There are basically two elements of a music documentary that determine its quality for me. The first is the story. Tell me stuff I’ve never heard before and would never really know other than by doing independent research. The world of the music industry, particularly from the mid-20th century on, is a fascinating and endless tapestry of unique perspectives and tales of success and failure. Apart from the standard-issue VH1 Behind the Music narrative of initial success, drug abuse, creative discord, and eventual reconciliation, there’s an endless array of new and amazing things to learn.
The second is the music itself. Give me a soundtrack that can enflame the mind and stir the soul. Unless it’s a truly manufactured popstar bio that’s made solely to leach even more cash from teenagers who don’t know better (so-called documentaries about Billie Eilish, Justin Bieber, Katy Perry, and One Direction come to mind), you can find some inspiring and instructive songs to aid the story, allowing the audience to feel like they’re experiencing the creative process in real time. Even if you don’t care for a certain genre all that much, if the catalog soundtrack is satisfying, the film will succeed, enhanced by what feels like indirect audience participation.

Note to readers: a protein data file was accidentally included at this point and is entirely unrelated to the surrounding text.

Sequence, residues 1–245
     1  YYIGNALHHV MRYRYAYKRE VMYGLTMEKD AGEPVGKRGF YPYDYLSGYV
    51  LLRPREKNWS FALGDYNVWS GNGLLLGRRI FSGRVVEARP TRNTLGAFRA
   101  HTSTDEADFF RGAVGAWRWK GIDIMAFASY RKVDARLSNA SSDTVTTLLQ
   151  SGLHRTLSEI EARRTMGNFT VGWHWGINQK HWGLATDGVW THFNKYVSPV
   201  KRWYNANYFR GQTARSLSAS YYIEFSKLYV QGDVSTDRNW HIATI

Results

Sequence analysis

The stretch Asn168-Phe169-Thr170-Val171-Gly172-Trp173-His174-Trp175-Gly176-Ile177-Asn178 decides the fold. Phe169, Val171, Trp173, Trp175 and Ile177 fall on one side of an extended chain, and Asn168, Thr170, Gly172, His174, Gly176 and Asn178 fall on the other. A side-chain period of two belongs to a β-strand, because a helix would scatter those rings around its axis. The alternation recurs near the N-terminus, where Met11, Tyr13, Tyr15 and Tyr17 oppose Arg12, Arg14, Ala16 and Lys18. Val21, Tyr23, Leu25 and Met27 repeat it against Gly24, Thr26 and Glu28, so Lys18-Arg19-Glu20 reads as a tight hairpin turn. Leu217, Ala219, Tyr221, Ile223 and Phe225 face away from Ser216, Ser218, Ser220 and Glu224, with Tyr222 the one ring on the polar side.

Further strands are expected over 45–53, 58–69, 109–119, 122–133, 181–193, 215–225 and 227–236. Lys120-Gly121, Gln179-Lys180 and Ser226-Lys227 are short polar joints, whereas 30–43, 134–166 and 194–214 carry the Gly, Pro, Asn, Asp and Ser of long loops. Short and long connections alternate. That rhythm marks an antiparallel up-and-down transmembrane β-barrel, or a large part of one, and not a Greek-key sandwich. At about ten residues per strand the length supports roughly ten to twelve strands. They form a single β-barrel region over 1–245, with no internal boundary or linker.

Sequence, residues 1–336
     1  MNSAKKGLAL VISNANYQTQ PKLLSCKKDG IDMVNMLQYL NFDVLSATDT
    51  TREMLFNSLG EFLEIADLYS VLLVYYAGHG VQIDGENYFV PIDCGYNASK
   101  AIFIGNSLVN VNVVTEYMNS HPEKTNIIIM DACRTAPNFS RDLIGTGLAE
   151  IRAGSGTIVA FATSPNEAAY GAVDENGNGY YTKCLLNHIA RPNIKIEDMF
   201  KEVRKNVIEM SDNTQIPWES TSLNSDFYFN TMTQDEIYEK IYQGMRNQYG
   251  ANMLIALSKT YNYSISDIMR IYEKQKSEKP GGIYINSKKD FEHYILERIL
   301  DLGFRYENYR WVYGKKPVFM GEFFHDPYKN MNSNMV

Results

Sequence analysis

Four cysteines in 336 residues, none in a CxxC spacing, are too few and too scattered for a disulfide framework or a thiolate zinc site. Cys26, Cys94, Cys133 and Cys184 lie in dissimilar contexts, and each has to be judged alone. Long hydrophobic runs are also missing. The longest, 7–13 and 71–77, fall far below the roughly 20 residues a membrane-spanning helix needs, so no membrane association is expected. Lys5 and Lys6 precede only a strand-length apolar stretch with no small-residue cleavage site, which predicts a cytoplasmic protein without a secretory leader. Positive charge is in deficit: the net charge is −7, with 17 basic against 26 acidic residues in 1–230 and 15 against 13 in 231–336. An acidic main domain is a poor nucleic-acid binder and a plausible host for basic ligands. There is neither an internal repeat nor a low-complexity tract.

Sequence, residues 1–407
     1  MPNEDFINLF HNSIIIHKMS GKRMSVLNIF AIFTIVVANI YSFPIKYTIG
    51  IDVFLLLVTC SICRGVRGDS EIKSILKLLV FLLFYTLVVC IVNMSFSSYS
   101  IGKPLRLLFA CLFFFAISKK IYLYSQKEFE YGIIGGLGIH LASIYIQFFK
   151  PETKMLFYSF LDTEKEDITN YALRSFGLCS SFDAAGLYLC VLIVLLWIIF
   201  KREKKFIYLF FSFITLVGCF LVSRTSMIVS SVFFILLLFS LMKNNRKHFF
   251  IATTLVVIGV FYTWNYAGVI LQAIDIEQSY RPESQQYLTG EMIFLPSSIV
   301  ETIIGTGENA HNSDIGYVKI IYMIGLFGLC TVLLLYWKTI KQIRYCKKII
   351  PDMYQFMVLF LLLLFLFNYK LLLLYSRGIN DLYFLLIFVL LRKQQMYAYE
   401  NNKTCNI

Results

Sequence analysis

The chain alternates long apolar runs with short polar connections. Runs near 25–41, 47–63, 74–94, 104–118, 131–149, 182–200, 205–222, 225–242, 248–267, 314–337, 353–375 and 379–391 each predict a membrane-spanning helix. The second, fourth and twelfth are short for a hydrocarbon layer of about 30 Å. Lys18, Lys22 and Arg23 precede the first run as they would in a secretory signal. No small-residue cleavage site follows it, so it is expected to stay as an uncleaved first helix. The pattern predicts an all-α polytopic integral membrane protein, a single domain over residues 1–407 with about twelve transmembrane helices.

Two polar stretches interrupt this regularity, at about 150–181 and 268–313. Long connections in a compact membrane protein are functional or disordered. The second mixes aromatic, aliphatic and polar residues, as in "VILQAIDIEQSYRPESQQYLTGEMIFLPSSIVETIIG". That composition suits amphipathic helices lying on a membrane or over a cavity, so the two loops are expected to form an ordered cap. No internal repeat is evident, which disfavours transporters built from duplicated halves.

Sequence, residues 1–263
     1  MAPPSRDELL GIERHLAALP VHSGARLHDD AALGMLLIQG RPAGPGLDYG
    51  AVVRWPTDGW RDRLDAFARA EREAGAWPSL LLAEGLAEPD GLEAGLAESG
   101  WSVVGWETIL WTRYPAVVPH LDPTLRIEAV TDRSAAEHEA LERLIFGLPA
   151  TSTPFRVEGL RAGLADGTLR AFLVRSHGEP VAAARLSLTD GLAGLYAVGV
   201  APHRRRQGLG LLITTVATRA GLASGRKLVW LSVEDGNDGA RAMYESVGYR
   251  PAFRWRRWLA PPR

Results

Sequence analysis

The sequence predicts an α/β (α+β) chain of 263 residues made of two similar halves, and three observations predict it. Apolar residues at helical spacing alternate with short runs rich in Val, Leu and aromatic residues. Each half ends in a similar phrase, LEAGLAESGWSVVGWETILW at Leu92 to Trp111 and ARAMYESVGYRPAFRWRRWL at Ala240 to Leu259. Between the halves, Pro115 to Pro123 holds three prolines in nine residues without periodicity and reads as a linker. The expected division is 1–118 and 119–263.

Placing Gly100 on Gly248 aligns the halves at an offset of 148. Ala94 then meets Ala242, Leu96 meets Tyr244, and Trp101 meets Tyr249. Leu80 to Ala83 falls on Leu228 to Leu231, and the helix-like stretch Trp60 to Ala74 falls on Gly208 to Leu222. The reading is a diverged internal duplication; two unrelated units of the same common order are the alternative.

These are the crucial things needed to make a good music documentary. What a filmmaker does beyond that determines how good it can be. Edgar Wright, the comic genius behind Shaun of the Dead, Hot Fuzz, and Baby Driver (so you know he knows his way around a catalog) goes above and beyond with The Sparks Brothers, an in-depth look at the history and personality of one of the most prolific and influential rock bands of all time, Sparks.